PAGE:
Opening of the Inscriptions for the Online Islamic Feminism Course


Educaislam training center in collaboration with the Department of Theology and Religious Sciences “Ellacuría” Carlos III University organized the “First Course of Islamic Feminism: Gender Equality in Islam” to be held from May 1 to June 25, 2012. Its objective is to understand the contributions of Muslim feminists to contemporary Islamic thought and encourage deconstruction of gender stereotypes in Islam.

Meet some all-American Muslims, the reality, not the show

CHARLOTTE, N.C. – It was a mixture of Southern hospitality and confounding stereotypes and expectations. Of course, there was food, stuffed grape leaves and slightly spice samosas. At the end of the evening, everyone got to take home a copy of the Koran, complete with translation and commentary. In between a panel representing a range of races, ages, ethnicities and professions communicated the message that being Muslim and American is complimentary, not mutually exclusive.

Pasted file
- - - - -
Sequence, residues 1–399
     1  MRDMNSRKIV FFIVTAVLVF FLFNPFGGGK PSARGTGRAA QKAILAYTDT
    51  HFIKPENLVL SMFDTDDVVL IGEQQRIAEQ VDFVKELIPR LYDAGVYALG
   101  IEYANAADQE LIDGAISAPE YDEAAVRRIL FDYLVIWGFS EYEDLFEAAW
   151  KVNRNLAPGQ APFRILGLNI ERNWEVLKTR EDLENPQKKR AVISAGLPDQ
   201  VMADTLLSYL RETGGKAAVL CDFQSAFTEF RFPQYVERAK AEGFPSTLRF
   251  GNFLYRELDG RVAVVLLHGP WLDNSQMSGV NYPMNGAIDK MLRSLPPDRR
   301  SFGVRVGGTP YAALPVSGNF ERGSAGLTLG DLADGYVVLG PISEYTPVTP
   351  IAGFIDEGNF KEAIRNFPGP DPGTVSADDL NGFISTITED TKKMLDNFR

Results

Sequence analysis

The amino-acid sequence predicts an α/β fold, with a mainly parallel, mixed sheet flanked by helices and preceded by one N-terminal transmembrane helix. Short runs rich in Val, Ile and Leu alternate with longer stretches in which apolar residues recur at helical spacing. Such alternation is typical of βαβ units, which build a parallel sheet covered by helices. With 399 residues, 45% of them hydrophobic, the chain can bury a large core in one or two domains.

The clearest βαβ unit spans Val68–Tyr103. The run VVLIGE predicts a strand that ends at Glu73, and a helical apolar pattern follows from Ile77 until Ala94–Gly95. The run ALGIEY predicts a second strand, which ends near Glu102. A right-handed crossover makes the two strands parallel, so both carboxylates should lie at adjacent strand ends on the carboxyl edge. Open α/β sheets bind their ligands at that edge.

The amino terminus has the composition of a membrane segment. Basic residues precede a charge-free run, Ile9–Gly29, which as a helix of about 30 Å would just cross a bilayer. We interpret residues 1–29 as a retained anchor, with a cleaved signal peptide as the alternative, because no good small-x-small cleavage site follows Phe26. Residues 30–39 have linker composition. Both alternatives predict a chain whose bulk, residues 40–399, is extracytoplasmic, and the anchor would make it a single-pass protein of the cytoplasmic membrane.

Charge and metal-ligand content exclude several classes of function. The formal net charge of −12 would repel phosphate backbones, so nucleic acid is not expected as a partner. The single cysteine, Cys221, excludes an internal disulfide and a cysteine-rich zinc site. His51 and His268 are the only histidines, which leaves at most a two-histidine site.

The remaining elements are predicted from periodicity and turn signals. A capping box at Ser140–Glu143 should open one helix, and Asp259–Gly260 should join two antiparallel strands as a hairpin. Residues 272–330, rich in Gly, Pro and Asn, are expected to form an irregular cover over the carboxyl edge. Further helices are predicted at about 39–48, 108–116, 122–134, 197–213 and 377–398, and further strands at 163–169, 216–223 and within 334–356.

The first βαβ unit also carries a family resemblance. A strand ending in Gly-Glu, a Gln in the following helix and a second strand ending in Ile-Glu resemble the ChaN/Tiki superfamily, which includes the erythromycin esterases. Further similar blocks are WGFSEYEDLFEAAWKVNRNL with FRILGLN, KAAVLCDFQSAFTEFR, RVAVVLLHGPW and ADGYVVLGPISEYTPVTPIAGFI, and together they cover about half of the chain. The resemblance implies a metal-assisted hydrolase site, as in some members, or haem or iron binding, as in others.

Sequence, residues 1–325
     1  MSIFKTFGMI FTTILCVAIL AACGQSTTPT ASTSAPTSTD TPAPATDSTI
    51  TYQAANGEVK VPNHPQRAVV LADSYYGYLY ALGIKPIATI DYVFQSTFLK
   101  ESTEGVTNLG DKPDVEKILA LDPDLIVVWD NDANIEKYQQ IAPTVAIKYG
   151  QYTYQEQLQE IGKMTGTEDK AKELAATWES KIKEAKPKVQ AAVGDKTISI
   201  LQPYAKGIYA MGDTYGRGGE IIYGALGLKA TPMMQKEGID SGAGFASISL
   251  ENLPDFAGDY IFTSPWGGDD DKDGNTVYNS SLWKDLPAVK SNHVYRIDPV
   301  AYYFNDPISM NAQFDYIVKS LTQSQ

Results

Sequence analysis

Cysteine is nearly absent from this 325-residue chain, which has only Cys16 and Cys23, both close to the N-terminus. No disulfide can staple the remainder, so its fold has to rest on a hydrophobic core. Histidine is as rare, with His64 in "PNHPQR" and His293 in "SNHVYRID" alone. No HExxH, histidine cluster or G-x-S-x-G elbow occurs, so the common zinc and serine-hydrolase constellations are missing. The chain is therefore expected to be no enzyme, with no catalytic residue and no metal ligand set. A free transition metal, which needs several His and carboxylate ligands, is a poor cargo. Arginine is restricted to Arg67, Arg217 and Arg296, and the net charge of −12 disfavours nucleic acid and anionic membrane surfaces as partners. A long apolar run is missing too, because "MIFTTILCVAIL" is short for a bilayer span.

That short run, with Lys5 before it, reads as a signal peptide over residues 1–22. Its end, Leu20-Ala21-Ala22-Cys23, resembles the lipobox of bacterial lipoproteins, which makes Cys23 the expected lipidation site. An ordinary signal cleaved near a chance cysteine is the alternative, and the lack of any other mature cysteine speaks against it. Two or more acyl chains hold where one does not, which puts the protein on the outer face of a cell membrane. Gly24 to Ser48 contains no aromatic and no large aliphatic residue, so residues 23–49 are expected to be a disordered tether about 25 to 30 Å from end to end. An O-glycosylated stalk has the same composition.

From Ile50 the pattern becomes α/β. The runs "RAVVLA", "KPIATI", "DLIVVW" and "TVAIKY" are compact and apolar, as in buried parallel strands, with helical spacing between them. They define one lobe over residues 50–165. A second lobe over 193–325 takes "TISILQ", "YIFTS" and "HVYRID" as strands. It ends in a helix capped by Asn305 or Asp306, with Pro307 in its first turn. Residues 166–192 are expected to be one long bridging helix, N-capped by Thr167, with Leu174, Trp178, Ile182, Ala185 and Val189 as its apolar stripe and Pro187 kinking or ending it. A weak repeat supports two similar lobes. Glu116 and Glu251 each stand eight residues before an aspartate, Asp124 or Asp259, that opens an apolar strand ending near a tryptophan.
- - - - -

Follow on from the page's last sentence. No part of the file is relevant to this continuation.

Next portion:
Distinguished by their very ordinariness, the photos that flashed behind them – of families on trips, with children, having fun with friends – conveyed a message of “we’re a part of the community and we’re like any other hard-working Charlotte citizen.”

The organizer of “Meet the Muslims of Charlotte” – a co-founder of Muslim Women of the Carolinas — was born in Buffalo, N.Y., with a mother from Colombia and father from Palestine. Rose Hamid is a US Airways flight attendant who wears a hijab and is used to answering questions; she does it with a smile.